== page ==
Time Asia magazine graced Mahmud’s portrait on one of its covers, describing him as a general equally at home reading poetry as planning military strategies. General Mahmud resigned his commission when then Prime Minister Hussein Onn in his wisdom bypassed him for promotion to be Armed Services Chief. As can be seen, Malaysia not valuing her talented citizens is not a recent phenomenon. 

General Mahmud died unheralded on August 25, 2020 at age 92.

Next:  Excerpt #41  The Labu Years

Sunday, July 17, 2022

Cast From The Herd: Excerpt # 39 The Emergency

 Cast From The Herd:  Memories of Matriarchal Malaysia

M. Bakri Musa

Excerpt #39:  The Emergency

The beginning of wisdom, goes a Chinese proverb, is to call things by their right names. That may be wise but not profitable. Had that State of Emergency been declared as war against the communists, which it was, then Lloyds of London would cease covering the many lucrative colonial enterprises. The economic impact would have been severe, one the colonial government could ill afford. On the other side had the communists prevailed, the Emergency would have been triumphantly trumpeted as the War of Independence, with parades, banners and holidays to mark its anniversary, and the dead glorified.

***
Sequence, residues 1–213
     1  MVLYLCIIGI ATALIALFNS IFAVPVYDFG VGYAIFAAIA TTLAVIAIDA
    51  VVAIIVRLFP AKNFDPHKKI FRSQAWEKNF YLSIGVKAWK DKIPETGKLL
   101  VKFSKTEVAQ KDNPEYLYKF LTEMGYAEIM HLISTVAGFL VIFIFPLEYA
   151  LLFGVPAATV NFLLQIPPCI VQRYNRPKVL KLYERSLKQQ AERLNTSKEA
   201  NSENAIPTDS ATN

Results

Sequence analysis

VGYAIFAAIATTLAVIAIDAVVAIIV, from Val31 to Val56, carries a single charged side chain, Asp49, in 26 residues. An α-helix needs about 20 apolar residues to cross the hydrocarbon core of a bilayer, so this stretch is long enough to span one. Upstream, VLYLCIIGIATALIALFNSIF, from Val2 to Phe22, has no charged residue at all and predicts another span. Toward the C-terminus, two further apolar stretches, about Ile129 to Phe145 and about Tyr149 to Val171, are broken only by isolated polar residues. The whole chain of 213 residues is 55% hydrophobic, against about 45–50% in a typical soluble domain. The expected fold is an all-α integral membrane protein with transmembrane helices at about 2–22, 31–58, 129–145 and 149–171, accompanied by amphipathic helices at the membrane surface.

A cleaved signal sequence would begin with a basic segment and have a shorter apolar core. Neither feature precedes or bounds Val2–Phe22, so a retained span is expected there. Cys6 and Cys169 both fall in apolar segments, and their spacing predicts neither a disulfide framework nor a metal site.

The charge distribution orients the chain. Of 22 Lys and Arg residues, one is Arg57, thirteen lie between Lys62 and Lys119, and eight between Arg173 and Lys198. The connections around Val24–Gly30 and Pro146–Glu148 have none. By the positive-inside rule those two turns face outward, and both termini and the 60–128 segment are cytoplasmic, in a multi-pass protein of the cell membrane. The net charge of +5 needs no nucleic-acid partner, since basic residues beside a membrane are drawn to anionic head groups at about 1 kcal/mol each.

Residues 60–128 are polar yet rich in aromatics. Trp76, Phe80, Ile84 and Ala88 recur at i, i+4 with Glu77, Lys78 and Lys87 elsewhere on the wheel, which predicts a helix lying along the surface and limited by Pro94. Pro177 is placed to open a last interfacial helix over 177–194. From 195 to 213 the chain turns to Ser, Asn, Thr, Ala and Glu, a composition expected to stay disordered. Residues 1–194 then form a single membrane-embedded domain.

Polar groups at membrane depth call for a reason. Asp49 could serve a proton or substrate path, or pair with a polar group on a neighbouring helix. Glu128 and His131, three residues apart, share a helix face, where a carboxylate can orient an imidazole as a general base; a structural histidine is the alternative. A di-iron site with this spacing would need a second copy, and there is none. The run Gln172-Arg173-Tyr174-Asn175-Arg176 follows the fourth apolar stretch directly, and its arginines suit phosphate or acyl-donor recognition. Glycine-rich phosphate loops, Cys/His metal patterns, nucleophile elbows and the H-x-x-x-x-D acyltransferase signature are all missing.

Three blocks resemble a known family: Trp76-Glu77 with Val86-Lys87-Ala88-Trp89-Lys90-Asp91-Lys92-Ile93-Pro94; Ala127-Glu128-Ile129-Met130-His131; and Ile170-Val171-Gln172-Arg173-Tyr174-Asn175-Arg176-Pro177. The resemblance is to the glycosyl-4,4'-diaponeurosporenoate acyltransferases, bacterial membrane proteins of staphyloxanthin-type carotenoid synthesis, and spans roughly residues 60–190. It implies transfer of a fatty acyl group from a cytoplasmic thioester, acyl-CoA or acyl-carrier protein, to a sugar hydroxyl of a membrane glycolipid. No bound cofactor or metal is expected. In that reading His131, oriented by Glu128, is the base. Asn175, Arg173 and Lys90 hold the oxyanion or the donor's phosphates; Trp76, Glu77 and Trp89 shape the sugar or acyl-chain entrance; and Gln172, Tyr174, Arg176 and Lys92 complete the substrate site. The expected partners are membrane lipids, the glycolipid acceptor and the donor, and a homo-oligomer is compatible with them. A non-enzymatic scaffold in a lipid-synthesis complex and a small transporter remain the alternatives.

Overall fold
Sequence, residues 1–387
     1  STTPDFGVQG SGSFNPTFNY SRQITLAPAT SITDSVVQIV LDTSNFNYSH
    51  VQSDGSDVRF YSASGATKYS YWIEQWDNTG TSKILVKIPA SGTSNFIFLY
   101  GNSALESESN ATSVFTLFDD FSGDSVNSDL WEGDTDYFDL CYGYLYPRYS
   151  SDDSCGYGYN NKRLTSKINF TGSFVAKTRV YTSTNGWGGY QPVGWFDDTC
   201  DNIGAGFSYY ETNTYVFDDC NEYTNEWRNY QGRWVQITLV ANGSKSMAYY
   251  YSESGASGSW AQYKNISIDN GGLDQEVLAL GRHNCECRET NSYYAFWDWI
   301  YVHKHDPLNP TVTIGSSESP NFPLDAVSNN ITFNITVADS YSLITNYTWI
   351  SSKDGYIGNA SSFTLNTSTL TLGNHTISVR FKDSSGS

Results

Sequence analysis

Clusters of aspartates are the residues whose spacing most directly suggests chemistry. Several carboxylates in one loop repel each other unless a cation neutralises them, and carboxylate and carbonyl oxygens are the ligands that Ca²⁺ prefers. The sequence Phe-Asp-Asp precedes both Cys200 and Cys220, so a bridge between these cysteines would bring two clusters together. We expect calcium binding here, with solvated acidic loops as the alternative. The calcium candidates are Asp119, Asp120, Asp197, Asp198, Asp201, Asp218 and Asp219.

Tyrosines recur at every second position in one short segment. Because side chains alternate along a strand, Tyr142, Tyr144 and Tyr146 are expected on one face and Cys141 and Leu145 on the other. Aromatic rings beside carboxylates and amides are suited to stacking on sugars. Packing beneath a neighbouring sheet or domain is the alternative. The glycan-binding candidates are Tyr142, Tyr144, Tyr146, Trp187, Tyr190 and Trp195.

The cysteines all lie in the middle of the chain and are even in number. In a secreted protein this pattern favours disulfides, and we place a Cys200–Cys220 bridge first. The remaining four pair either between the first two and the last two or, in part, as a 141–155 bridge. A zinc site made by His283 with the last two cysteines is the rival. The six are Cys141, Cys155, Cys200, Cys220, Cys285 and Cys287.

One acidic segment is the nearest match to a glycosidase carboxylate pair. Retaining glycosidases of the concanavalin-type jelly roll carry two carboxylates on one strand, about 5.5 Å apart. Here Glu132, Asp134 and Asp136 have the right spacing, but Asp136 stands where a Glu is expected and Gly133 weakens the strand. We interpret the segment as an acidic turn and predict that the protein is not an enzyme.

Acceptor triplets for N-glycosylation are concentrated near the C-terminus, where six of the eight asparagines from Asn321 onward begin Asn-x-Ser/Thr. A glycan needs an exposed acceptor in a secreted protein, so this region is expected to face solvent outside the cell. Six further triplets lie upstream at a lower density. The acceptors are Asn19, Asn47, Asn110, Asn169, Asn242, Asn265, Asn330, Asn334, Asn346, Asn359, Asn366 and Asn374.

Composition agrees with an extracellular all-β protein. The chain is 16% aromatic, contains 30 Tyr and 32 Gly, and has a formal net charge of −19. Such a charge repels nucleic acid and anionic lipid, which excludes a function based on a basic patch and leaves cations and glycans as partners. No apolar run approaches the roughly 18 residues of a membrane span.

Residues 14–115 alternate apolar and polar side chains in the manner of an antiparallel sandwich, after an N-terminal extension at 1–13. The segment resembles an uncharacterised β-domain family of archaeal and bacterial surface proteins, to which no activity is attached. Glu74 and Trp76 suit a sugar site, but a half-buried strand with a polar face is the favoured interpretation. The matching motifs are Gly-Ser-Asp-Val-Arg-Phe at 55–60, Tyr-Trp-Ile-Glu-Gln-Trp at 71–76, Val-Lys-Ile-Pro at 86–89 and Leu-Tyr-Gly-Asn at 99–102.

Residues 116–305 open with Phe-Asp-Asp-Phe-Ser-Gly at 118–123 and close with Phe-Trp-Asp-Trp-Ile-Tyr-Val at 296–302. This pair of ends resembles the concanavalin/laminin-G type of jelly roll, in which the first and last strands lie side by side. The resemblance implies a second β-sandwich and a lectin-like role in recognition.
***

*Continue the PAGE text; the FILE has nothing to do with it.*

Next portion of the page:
At the height of the Emergency there were army camps all over the country. There was one in Kuala Pilah where first the British, and later the Fijian and Gurkha Regiments were stationed. My favorite was the British troops; they always had candies to give out, and I enjoyed my banter with them. The Fijians struck terror because of their sheer physical size and fierce demeanor, brute cavemen in army fatigues. They were also great rugby players; their team the perennial champion. Their other reputation was such that women terrorists would rather kill themselves than be captured. At least that was the myth perpetrated. 

The Gurkhas were but British mercenaries, and struck fear for a different reason. Once, a platoon in full jungle camouflage arrived at our village for a demonstration. After a brief instruction from their commander, they marched into the roadside bush. A few minutes later they disappeared, like sugar granules in your coffee. We villagers could not pick them out. 

Then after we were all suitably impressed, their commander blew a whistle. Soon thin wisps of smoke began emanating from between the branches. Tracing the smoke led to red ambers among the dark green leaves. Only then could we make out those soldiers nonchalantly smoking their cigarettes. I could imagine them lurking in the jungle unnoticed, like crocodiles mimicking floating logs, ready to decapitate their unsuspecting prey with their kukris – in silence and without mercy.